Science as a Modern Creation Story

Science as a Modern Creation Story

Tuesday, October 5, 2010

The New York Academy of Sciences

Bill Gates says David Christian's Big History course is his all-time favorite from the Teaching Company. "The course is so broad that it synthesizes the history of everything including the sciences into one framework," Gates writes on his website. In fact, Gates is so excited about what Christian has to say, that he's helping foot the bill to offer a version of David Christian's Big History course for high school students for free online. Don't miss your chance to catch David Christian live for a 60-minute lecture at the New York Academy of Sciences!

Who are we? How did we get here? What does it all mean? After thousands of years trying, we can answer two of these big questions. Modern science has discovered a progressively factual account of the universe and ourselves. It spans some 13.7 billion years from the primordial flaring forth of the early universe to the rapid flaring forth of our global civilization. The story blends cosmology, physics, chemistry, geology, biology, anthropology, sociology and history into a single, compelling narrative. It encompasses all nations, all cultures, and all times.

What does it all mean? That depends on how you interpret this great story and the future we create together in the 21st century and beyond. This “Big History” is perhaps the most remarkable achievement of human civilization, but it is rarely taught and studied as such. It may also be an essential tool in promoting excellence in education, transcending dangerous conflicts, effectively addressing the economic and environmental challenges of our global civilization, and securing our common future.

In the kickoff of its five-part History of Science Series, "From Stone Age to Internet Age: How Science Has Evolved over Time," Science & the City presents an evening with David Christian, a professor of history at Macquarie University in Sydney, Australia. Born in Brooklyn, New York to British and American parents, David Christian grew up in Africa and in England. He earned his B.A. and Ph.D. at Oxford University, specializing in Russian history. Subsequently he taught at Macquarie for 30 years, where he first began teaching his Big History curriculum with colleagues from the science faculty. In 2002, he became a professor at San Diego State University and in 2009 returned to Macquarie. Professor Christian is author of the widely acclaimed book "Maps of Time: An Introduction to Big History," which mirrors the content of his course, which was recently made into a 48 lecture series (30 minutes each) by the Teaching Company.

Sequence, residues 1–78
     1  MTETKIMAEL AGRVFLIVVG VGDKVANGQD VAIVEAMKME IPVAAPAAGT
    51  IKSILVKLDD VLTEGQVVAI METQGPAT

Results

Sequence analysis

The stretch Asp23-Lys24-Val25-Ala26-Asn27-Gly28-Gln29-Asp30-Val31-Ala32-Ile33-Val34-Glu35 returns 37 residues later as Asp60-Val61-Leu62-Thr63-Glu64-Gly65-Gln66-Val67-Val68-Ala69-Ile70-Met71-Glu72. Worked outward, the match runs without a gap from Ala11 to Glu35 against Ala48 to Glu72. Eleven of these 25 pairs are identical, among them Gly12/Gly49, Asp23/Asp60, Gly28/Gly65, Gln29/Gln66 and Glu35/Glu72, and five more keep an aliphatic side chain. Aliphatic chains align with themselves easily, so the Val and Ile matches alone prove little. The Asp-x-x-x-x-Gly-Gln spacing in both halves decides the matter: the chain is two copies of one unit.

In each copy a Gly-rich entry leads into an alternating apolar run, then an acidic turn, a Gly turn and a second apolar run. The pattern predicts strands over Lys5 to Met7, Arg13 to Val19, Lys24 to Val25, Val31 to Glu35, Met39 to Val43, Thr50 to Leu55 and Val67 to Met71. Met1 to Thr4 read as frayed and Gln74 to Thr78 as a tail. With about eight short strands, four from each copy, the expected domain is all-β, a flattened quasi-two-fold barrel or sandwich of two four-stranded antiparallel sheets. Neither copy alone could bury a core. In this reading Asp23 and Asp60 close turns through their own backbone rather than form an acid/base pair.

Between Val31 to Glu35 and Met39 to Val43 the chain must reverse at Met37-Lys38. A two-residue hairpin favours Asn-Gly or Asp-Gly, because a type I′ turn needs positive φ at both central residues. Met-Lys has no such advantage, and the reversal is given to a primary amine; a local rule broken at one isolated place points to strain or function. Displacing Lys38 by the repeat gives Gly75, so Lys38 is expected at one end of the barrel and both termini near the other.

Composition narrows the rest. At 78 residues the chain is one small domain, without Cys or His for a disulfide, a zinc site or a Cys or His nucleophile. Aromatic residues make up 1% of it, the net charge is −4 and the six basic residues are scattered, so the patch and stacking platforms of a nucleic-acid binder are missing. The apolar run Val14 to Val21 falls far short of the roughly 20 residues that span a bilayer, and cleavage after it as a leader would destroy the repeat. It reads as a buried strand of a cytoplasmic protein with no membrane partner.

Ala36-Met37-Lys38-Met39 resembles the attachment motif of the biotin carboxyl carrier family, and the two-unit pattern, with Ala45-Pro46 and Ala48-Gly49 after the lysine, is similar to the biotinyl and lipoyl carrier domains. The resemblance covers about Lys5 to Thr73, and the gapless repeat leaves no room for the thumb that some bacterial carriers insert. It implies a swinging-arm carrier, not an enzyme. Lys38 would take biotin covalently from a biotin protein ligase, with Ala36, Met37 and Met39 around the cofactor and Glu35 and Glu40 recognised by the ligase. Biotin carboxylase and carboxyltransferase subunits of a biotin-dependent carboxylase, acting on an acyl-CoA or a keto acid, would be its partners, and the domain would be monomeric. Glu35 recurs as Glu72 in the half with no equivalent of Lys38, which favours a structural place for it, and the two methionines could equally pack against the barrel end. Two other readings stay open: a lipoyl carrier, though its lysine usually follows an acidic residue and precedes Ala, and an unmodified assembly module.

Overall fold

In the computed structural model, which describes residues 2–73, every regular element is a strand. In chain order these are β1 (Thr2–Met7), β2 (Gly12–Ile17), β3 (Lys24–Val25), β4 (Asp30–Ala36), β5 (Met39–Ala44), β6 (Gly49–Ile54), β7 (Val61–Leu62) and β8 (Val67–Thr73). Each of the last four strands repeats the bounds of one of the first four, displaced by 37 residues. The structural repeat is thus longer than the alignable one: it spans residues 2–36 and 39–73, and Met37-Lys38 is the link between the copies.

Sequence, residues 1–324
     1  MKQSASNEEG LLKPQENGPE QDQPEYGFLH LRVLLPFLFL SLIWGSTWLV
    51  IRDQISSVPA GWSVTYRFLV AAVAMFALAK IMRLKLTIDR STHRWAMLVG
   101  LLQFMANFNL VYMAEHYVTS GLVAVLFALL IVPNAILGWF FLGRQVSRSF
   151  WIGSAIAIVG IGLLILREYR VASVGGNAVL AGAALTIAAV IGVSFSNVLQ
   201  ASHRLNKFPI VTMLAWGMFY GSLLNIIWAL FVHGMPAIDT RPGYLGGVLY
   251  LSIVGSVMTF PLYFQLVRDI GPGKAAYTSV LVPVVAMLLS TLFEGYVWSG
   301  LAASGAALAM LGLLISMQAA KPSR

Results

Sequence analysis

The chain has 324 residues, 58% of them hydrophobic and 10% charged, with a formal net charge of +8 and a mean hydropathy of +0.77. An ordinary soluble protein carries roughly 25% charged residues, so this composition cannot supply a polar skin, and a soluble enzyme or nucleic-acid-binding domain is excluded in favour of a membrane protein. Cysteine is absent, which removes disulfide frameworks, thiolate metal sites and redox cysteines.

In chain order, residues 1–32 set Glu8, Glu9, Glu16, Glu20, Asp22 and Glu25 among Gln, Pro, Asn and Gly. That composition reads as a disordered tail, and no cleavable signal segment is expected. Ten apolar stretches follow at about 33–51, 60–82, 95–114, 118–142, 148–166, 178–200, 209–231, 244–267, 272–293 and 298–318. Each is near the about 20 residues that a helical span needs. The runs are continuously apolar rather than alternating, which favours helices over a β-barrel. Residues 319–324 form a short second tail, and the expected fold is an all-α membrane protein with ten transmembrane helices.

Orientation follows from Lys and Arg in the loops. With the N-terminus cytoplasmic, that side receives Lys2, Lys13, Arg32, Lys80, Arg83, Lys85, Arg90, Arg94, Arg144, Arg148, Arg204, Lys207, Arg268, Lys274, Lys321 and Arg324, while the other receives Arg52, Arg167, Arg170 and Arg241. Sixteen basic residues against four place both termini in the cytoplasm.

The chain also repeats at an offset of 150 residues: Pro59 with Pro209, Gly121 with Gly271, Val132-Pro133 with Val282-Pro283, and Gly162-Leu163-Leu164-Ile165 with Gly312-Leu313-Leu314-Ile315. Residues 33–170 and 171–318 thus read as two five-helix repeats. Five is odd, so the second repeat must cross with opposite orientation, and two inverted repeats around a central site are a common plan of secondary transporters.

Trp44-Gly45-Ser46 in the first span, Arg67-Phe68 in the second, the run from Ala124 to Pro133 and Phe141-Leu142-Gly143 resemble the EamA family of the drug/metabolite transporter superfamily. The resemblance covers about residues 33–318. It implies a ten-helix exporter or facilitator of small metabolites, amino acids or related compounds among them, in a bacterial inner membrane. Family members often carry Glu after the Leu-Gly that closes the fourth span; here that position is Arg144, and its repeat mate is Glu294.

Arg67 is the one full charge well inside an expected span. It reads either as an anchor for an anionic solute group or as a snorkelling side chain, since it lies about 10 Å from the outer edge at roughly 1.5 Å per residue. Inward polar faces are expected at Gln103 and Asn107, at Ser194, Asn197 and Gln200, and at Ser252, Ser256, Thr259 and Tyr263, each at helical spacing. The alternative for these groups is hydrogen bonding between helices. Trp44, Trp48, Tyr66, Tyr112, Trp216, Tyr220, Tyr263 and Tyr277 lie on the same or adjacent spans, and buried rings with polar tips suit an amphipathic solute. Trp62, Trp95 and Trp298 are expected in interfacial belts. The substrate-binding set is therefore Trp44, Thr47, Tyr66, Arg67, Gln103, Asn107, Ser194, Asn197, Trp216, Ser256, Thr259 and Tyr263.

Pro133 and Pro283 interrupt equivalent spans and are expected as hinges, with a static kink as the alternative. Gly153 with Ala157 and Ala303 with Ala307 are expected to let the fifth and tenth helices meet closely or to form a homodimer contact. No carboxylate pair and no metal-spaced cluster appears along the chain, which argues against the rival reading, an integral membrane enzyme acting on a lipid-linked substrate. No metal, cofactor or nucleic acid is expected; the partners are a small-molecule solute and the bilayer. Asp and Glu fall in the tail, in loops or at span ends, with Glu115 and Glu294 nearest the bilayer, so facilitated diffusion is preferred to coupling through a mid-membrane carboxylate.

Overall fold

Reception to Follow

Please note:
Transmission of presentations via the webinar is subject to individual consent by the speakers. Therefore, we cannot guarantee that every speaker's presentation will be broadcast in full via the webinar. To access all speakers' presentations in full, we invite you to attend the live event in New York City where possible.


Series Media Sponsor


This event is part of the From Stone Age to Internet Age: How Science Has Evolved over Time Series, which also includes the following events:

From Stone Tools to the Internet: How Humans Adapt to Technology
Tuesday, November 9, 2010 | 7:00 PM - 8:30 PM
Visualizing the Brain from Antiquity to the 21st Century
Wednesday, December 15, 2010 | 7:00 PM - 8:30 PM
You Are What You Eat: The Long History of Knowing about Our Food, Our Bodies, and Ourselves
Wednesday, January 26, 2011 | 6:30 PM - 8:00 PM
Historic Tales of the Periodic Table: An Evening with Sam Kean
Thursday, February 17, 2011 | 6:30 PM - 8:00 PM

Register for the whole series now.

Speaker

David Christian, DPhil

Macquarie University

David Christian is a professor of history at Macquarie University in Sydney, Australia. Born in Brooklyn, New York to British and American parents, he grew up in Africa and in England. He earned his B.A. and Ph.D. at Oxford University, specializing in Russian history. Subsequently he taught at Macquarie University in Sydney, Australia for thirty years, where he first began teaching his Big History curriculum with colleagues from the science faculty. In 2002, Christian became a professor at San Diego State University and in 2009 returned to Macquarie. Professor Christian is author of the widely acclaimed book "Maps of Time: An Introduction to Big History," which mirrors the content of his course. The Big History course was recently made into a 48 lecture series (30 minutes each) by the Teaching Company.

 

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